Capacitor banks and SVC are installed at various plants to control the reactive power and hence the voltage. To control the harmonics generated by the solid state switching devices, suitable harmonic filters are installed in a number of plants at Tata Steel. All power transformers are provided with OLTC (on-load tap changer) to control the load end supply voltage. The whole power system distribution is designed for (n-1) contingency, i.e, outage of one transformer or feeder will not result in any power interruption. Numerical relays are installed to disconnect the faulty part of power system in minimum time. All the HT switch room and control rooms are air-conditioned to keep them dust proof and at controlled temperature.

Apart from having the generating units installed within the premises of Tata Steel which are connected with the utility, the company is also harnessing the renewable energy for power generation. The company has recently installed a 3 MW Solar PV Power Plant at its iron ore mine site at Noamundi, Jharkhand. This is the first Solar PV Power Plant of this size in a mining location in India and is expected to reduce CO2 emissions by 3,000 tons every year. Noamundi is a mining location in the West Singhbhum district of Jharkhand, around 130 km south west of Jamshedpur. The iron ore deposits were discovered in 1917 and today the mines cover an area of 1,160 hectares with mine production capacity of 10 million tonnes per annum. The Jharkhand State Electricity Board (JSEB) is the only source of power supply to run the mine and the township. The combined daily requirement of power is around 13 MVA per day - 11MVA for mines and 2MVA for the town. The emergency power requirement is currently being met through multiple diesel generator sets. This project ushers Tata Steel into a new era of global co-operation on climate change. Furthermore, the solar power plant is believed to improve biodiversity in the area.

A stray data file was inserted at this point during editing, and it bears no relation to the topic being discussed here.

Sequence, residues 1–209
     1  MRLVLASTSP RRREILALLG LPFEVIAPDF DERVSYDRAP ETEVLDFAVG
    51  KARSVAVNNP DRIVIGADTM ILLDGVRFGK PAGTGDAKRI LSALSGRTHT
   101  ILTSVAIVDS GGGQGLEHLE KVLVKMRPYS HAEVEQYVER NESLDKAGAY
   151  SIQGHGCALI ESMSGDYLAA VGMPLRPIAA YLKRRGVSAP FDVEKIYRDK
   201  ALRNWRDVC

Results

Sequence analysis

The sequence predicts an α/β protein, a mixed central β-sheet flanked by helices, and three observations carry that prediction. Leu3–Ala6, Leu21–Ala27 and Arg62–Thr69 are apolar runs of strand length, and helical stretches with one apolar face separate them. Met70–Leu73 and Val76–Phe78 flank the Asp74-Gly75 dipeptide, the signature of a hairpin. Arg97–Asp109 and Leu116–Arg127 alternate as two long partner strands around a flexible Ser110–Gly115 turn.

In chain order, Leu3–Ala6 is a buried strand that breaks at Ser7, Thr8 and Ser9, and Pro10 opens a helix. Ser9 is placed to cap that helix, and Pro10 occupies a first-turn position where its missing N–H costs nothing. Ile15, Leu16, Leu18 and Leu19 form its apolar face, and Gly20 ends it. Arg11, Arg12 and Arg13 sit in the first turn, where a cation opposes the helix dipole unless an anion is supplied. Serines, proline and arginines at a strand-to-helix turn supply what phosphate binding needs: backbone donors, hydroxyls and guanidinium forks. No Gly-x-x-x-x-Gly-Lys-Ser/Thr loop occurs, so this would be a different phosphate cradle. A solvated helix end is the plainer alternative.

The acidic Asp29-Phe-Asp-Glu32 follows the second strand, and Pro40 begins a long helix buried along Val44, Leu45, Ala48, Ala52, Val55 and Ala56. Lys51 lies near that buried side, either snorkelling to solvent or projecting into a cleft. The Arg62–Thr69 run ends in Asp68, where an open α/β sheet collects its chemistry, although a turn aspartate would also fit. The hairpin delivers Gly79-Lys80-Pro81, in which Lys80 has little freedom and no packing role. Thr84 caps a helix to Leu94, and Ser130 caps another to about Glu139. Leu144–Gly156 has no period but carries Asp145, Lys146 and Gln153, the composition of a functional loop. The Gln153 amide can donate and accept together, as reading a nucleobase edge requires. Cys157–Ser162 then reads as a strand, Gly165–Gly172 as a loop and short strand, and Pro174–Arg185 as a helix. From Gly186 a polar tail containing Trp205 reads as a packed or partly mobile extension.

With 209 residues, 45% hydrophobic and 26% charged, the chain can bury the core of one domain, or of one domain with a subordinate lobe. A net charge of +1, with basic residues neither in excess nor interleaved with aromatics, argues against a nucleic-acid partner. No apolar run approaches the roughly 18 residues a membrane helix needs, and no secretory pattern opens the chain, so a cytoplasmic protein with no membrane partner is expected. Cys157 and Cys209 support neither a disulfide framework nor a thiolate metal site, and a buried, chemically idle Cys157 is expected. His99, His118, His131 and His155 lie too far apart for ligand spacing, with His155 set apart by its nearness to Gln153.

In an ideal situation what kind of QoP supplies do you expect from the distribution companies and what are the inadequacies you are facing now?
The number of voltage dips due to fault in the distribution company network should be controlled. Presently, this is not a measure of performance for a distribution company.

There are restrictions of power imposed by the distribution company, due to shortage of power at their end. This needs to get eliminated with the power market opening up and short-term purchase and sell of power from power exchange getting established.

What are the measures that may be taken to improve the power supply scenario?
At the national level, stricter rule and regulations are being framed to further narrow down the frequency variation bands. The transmission network is being strengthened to enable inter-state transfer of power.

However, the burden of huge regulatory asset on the distribution companies is making them sick. Measures need to be taken to make regulatory assets competitive and reliable.

How do you think the power supply scenario compares with advanced countries in terms of QoP?
In advanced countries, frequency remains almost fixed at 50 Hz or 60 Hz as per the system design. This requires sufficient spinning reserves and fast response generating units like gas turbine-/ large hydro generating stations.